Recycle Week this year is taking place from 12th – 18th September 2016. An exciting theme of ‘The Unusual Suspects’ has been lined up and we’re keen for businesses to get involved.
Now in its 13th year, the aim of Recycle Week 2016 is to encourage everyone to think about all those items that often get forgotten about when recycling at home and in the workplace. September 2016 is the month of action; to encourage everyone to recycle more, waste less and to promote the benefits of sustainable living.
WRAP, who work with governments, businesses and communities to deliver practical solutions to improve resource efficiency, are big advocates of Recycle Week. They’ve been working with Zero Waste Week (5th – 9th September) and Keep Britain’s Waste Less, Live More Week (19th – 25th September) to link activities and messages throughout the month.
Take a look at Recycle Now’s guide below to see how to get involved in Recycle Week 2016:
With all of this in mind, we’ve created a new and improved guide to recycling in the office, so you can start to make a difference to the environment and promote being green to use your employees and clients alike.
Set a target
The UK has come a long way when it comes to recycling. From recycling only 7.5% of our waste in the mid-90s, today we’re recycling nearer 43%. There’s still room for improvement in the workplace though, and that’s usually because people don’t take personal ownership of the problem.
The scale of the issue and opportunity for improvement is vast. An office of 100 people produces, on average, 20 bags of waste a week – 90% which can be recycled… But is it?
We’d recommend the first step should be to calculate how much waste your office is producing and take a look at the potential of what can be reduced in terms of usage, what could have been reused, and what can be recycled. This may involve discussions with landlords, councils, existing waste disposal companies and cleaners to work out exactly what your recycling options are, and how best to implement them.
Once you’ve assessed the situation, what are the results? You could rank departments or event individuals to get the competitive juices flowing. Managers may also raise an eyebrow if you could illustrate the potential money that can be saved by doing a better job of reusing and recycling materials! The point is, you need to make it personal.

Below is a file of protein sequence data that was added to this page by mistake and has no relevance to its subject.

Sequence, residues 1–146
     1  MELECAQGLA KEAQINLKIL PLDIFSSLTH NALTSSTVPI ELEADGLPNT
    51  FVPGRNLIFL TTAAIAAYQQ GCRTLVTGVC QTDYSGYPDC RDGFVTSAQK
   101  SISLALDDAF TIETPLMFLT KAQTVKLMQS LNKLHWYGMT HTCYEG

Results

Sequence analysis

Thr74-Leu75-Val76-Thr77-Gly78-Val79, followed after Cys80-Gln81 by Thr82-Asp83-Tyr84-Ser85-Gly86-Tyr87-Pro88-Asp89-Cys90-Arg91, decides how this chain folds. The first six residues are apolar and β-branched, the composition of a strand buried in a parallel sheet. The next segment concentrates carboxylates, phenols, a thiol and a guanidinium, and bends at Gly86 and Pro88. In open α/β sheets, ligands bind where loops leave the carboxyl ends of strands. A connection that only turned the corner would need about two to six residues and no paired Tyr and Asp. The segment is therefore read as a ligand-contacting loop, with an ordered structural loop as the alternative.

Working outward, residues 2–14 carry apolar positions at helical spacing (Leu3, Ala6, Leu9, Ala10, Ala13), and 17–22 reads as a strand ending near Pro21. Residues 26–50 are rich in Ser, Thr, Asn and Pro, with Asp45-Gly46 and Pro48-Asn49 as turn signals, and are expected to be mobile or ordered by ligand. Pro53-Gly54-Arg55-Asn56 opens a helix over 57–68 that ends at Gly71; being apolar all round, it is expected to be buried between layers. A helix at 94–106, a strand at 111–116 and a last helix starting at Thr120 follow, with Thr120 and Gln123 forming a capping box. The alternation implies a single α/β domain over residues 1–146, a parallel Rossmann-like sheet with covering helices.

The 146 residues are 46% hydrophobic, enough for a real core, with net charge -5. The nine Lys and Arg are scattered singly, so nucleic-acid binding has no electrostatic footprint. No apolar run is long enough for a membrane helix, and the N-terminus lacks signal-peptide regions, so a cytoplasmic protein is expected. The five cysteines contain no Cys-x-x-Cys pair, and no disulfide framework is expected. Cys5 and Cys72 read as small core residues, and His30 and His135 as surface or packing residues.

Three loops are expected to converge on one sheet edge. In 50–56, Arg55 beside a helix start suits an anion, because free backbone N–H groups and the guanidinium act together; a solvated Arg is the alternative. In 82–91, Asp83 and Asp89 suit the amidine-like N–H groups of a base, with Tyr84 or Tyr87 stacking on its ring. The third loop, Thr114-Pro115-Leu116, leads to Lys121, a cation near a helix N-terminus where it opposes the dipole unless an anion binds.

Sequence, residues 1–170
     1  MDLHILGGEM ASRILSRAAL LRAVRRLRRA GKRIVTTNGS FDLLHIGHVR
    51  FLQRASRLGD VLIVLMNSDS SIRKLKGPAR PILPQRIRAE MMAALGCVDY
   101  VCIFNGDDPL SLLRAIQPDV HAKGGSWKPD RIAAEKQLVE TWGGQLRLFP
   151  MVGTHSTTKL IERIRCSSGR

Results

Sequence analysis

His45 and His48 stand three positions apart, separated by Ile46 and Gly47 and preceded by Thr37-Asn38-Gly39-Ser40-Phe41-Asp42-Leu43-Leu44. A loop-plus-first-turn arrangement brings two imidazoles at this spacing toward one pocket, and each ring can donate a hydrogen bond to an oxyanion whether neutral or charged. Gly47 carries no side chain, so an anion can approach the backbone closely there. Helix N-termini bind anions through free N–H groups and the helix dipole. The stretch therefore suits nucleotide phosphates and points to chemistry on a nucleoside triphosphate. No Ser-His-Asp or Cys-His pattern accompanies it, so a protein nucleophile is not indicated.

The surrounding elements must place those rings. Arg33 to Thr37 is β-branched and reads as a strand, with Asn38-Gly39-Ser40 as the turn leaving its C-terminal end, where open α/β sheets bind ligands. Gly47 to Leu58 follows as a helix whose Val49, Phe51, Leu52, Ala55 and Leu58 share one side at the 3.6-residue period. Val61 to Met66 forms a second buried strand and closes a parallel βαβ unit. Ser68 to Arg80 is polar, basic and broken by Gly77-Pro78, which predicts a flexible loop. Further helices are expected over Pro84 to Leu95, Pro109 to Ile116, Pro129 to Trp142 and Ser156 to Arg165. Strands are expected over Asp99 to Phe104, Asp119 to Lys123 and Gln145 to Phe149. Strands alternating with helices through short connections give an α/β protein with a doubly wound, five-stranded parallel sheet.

Make it easy
As the old saying goes, old habits die hard. Take a look at the office – if printers outnumber people, then an easy way to win is to get teams and departments to share equipment. Before you know it, printing doesn’t become quite as essential as it used to be.
On the other hand, recycling needs to be easy. Try to ensure recycling bins outnumber regular ones, so your colleagues start to really think about what they’re throwing away, and which bin they’re using.
Reinforcing the message by displaying posters near printers and bins in worthwhile, but also consider a progress chart so the team know they are heading in the right direction – this is also a great team motivator!
Stop the addiction
Recycling is great, but ideally we should look to reduce use in the first place. Paper’s the most obvious target in an office environment, and with Kyocera’s research finding the average employee uses 10,000 sheets of paper per year, the most alarming statistic is that as many as 6,800 of those sheets are completely wasted.
Simple changes can slash paper use; reducing print margins, font sizes and remembering to delete unnecessary headers, footers and images when printing, can save reams of people when you multiply the effect across the whole company.
DID YOU KNOW? 17 reams of paper requires a whole tree!
For the paper you do need to use, see if it can go further. If you designate a printer for internal printing only, you can simply flip over used paper so the other side can be printed on.
Another quick win is packaging. Remember, when it comes to receiving goods in packaging, you’re the customer; why not ask suppliers if they could use less, or more eco-friendly materials? Of the packaging you do receive, could you reuse it?
No one likes receiving junk mail – and it’s something that can easily be thrown in the regular bin by accident rather than in the recycling. You can cut the annoyance by being proactive; make the effort to unsubscribe from lists, remove subscriptions to magazines that no one reads, or see if there’s an e-version you could access as an alternative.
Another office recycling crime is the use of paper cups! You may assume these are easy to recycle, but for durability and convenience most are coated in plastic resin, so can’t be recycled. Let’s face is, they’re a lazy option; get people using their own mugs instead.